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herbert e. kichline wbo raleigh nc

May 2, 1945, I celebrated the 39th anniversary of my entry into the Weather Bureau. Before I entered the Bureau in Nashville, Tenn., in 1906, my somewhat varied activities had included working in a steel plant, selling life insurance, and teaching school for several years. ( It is my observation that the last named vocation seems to have been followed by quite a few weathermen at one time or another.)

But to go back to my earlier pre-Bureau days. I was born near Easton, Pennsylvania, on April 16, 1879. After graduating from high school and completing a year of preparatory school, I found it necessary to go to work, so never entered college. After entering the Bureau, I began to rue the fact that part of my four years spent studying Latin, and three Greek, in high school and preparatory school hadn’t been added to the time spent there on mathematics and physics. This regret – and my familiarity with math and physics – was increased materially by dint of a good deal of digging on the Bureau’s promotion examinations.

In those days those of us who did not have a college diploma were required to pass a set of examinations in order to become eligible for each grade promotion. $720. $1000, $1200…. and then, when a man was well acquainted with secant and cosecant and could explain the earth’s wobble and show that he clearly understood precession of the equinoxes and a number of other things, he landed the princely salary of $1440 per annum.

But there were other compensations. The variety of activities carried on by the Bureau held the interest of many of us.

Since entering the Bureau I have made observations, drawn maps, done some printing and much chalk plate work. For the benefit of newer employees who don’t know how the bunions on the third finger right hand , of a number of their seniors came about, weather maps were at one time printed by the chalk plate method, which involved cutting the data with a steel stylus on a thin (about 1/16”) coating of chalk on a steel plate of about the same thickness, and from this chalk dye making a stereotyped metal cast from which the maps were printed. While doing chalk plate work, I introduced a method by which the small 8 X 10 map was produced in two colors and at the same time the daily labor cut to less than half.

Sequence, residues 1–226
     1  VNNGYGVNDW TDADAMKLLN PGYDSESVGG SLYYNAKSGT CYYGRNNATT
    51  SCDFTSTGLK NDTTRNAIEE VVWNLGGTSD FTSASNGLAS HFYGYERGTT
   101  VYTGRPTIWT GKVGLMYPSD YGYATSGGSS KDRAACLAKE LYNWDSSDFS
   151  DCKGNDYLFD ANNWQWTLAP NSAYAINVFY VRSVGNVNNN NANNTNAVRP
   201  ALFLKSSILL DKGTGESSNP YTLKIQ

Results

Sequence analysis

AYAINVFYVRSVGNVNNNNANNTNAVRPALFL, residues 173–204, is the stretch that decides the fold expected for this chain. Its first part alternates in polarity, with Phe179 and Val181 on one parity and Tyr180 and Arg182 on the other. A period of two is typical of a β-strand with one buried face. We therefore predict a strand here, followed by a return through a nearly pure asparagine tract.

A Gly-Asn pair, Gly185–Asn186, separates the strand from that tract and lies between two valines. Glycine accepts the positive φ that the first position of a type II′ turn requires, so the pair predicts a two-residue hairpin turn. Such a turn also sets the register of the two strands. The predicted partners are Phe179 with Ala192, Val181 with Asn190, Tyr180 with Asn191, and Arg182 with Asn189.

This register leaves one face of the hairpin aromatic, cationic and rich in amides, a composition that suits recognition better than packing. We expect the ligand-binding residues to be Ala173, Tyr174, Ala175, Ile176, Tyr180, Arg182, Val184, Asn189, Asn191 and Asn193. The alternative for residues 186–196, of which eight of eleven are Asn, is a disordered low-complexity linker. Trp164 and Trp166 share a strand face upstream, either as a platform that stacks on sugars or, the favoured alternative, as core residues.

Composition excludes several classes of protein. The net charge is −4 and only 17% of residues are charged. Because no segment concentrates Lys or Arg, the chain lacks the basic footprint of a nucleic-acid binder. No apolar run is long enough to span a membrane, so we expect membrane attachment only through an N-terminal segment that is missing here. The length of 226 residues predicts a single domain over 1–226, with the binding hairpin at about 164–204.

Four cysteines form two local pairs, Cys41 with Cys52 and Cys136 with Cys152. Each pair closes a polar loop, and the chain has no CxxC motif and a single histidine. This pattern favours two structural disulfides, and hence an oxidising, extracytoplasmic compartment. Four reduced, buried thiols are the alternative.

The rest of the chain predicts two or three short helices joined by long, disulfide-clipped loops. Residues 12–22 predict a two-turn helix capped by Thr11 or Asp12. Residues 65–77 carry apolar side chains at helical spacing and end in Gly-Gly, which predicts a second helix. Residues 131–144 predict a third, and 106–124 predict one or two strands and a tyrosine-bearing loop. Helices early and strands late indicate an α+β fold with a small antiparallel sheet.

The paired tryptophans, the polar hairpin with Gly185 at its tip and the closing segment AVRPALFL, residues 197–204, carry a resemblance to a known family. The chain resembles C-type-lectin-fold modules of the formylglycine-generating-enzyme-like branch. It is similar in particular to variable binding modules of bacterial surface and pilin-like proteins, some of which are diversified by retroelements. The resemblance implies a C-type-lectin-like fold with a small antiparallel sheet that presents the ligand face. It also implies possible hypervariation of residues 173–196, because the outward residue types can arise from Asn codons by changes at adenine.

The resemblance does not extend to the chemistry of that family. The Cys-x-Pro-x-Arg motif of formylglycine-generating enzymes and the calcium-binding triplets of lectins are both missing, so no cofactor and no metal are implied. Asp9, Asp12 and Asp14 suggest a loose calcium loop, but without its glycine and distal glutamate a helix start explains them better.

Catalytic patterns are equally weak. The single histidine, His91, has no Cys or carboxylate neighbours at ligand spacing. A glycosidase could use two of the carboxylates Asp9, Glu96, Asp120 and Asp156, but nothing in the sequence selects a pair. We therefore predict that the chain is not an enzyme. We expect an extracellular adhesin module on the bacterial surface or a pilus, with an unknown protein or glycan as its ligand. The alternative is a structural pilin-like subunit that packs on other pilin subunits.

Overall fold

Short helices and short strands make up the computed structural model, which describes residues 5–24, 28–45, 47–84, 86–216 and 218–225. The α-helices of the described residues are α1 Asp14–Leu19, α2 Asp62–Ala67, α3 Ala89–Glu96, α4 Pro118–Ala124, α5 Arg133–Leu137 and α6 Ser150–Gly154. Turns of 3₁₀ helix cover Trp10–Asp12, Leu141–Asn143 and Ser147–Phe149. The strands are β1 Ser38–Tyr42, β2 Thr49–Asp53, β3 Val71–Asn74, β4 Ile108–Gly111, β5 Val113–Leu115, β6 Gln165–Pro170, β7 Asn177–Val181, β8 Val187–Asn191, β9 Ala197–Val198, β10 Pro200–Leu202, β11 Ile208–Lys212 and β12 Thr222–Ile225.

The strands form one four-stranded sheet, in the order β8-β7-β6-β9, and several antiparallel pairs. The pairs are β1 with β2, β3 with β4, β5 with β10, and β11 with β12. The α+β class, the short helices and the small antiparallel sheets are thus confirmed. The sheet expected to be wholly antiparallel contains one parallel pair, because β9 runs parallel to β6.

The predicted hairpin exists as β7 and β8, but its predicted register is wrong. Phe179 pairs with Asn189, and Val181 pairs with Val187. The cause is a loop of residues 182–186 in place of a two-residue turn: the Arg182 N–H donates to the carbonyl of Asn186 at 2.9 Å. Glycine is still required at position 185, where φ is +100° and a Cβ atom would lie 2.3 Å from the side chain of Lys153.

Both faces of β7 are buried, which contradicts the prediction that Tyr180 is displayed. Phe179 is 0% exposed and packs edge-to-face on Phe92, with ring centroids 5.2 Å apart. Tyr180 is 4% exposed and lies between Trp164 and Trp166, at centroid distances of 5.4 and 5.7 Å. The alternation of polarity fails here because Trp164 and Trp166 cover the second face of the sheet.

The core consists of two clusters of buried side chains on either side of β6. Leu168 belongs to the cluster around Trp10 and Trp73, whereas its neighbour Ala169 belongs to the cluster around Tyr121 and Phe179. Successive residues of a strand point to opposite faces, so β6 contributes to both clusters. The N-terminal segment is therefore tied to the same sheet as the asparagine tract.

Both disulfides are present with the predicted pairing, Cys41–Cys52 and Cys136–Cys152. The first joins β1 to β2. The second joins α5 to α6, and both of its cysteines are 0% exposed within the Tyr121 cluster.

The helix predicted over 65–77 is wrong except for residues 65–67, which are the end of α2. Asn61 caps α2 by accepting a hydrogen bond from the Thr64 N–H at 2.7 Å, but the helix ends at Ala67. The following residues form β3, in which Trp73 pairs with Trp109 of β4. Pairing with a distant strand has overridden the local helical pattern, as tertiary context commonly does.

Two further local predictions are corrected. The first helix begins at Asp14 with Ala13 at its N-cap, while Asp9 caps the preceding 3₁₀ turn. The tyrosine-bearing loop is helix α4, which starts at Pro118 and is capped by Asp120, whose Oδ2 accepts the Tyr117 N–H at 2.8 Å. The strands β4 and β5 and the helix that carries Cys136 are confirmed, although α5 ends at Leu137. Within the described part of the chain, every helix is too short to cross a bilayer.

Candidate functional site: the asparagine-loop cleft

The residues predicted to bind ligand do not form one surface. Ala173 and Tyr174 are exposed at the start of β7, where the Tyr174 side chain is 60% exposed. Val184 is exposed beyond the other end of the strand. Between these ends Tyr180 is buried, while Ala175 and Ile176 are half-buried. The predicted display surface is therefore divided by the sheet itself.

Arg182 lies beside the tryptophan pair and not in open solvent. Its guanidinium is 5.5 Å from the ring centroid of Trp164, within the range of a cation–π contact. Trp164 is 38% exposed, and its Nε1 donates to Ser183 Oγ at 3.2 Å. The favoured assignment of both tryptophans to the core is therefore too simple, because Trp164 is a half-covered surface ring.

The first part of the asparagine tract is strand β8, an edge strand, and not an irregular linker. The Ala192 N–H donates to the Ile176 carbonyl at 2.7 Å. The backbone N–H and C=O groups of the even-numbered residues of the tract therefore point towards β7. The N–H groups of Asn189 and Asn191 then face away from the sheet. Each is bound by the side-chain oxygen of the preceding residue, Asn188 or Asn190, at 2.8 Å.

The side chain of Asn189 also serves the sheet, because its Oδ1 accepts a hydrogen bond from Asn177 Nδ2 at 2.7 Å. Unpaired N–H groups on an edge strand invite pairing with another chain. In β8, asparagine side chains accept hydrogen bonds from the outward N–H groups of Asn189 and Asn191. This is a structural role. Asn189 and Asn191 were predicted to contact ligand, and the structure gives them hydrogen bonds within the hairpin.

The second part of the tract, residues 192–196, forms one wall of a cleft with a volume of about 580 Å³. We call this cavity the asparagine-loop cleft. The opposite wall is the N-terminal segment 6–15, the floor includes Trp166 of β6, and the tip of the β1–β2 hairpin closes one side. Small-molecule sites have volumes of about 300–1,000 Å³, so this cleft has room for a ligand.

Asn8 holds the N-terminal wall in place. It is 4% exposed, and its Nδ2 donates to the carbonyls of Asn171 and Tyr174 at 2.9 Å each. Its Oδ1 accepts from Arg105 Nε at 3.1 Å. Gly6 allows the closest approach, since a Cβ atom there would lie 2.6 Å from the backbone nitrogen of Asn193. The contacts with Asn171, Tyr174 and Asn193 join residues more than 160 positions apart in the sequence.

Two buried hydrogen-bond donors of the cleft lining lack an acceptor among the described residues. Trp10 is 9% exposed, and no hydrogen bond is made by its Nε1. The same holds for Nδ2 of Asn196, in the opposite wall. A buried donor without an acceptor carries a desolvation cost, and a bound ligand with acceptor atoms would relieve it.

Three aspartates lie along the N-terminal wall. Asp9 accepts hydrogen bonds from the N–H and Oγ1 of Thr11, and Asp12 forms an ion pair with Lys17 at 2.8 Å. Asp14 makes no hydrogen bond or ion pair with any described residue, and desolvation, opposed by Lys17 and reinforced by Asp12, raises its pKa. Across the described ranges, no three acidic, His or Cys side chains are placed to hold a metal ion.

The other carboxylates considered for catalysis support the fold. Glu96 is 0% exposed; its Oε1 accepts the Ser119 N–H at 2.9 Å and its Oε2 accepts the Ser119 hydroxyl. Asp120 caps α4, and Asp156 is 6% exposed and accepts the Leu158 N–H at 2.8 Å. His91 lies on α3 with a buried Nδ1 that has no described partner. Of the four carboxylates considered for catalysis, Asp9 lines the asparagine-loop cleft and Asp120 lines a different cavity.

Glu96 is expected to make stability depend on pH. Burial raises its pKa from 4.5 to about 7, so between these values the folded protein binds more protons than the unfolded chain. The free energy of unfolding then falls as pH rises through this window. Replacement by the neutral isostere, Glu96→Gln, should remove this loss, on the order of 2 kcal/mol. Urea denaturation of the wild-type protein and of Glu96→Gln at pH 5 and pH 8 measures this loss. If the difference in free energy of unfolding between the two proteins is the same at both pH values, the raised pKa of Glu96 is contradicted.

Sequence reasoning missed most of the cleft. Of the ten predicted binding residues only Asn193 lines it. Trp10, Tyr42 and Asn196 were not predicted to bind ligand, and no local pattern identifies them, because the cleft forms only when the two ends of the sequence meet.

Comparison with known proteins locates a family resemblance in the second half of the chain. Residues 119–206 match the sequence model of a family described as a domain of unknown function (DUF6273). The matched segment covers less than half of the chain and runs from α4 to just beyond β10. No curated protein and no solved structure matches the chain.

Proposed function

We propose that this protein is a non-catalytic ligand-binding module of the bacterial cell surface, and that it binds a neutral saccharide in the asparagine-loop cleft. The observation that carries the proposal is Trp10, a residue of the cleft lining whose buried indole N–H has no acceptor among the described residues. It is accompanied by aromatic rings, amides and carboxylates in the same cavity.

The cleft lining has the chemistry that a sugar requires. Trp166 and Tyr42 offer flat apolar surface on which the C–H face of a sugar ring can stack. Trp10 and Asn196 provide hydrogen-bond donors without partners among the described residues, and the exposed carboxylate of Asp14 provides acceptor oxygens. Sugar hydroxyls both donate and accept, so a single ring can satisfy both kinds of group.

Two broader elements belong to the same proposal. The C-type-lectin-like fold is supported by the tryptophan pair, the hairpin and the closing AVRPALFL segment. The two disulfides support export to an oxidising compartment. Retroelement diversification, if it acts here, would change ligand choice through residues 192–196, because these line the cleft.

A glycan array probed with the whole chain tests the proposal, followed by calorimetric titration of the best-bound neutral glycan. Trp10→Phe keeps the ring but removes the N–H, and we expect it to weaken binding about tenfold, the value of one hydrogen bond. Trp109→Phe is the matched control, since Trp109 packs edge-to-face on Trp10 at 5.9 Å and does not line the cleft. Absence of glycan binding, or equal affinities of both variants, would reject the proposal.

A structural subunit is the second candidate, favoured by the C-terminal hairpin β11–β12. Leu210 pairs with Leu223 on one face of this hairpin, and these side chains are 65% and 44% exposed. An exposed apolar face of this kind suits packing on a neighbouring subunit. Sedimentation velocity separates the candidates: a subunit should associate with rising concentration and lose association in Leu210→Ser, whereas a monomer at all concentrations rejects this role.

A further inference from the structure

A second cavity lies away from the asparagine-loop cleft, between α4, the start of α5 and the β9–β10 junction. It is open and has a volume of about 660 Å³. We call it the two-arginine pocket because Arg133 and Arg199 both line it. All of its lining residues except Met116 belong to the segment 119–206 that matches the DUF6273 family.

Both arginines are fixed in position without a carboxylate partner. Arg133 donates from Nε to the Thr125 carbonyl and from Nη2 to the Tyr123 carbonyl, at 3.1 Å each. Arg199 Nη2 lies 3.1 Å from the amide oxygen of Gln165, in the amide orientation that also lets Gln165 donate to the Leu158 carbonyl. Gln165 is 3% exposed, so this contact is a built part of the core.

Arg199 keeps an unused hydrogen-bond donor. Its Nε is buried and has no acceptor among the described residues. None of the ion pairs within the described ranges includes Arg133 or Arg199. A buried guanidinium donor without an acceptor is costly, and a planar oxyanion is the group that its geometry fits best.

Other phases of Bureau work in which I have engaged are climatology, river forecasting, broadcasting and administration. Stations at which I have served while with the Bureau, in addition to Nashville, are Ithaca, Philadelphia, Cheyenne, and lastly Raleigh, where I landed in 1916 and where I have been in charge since 1939.

Music and singing have been my great delight. Especial favorites have been oratorio, cantata and Gilbert and Sullivan light opera. I have done solo work in music of these types with local choruses in Cheyenne and Raleigh.

In October 1906, I was married to Anna L. Bachman of Pennsylvania. One of our two daughters, Mildred, is teaching Bible in high school; the other, Betty, who is now Mrs. James Gerow, shares my interest in music. She plays pipe organ and her husband is an accomplished trumpet soloist. I share pretty enthusiastically her interest in my two grandsons Jimmie Gerow, aged 5, and David, aged 2.

In: “The BREEZE”, Vol. 2, No. 6, July 10, 1945. P.5.


Mr. Herbert E. Kichline, 64, with the Weather Bureau at Raleigh WBO since 1916, died at his home December 19, following a lingering illness.

Funeral services were conducted at the Michell Funeral Home by Dr. F. Orio Mixon, pastor of the Tabernacle Baptist Church. Members of the Senior Board of Deacons of the Church served as pallbearers. Interment was at Easton, Pa., Mr. Kichline’s birthplace.

Before going to Raleigh, Mr. Kichline was with the Bureau in Nashville, Ithaca, Philadelphia, and Cheyenne.

In: “The BREEZE”, Vol. 2, No. 12, January 10, 1946. P. 3.

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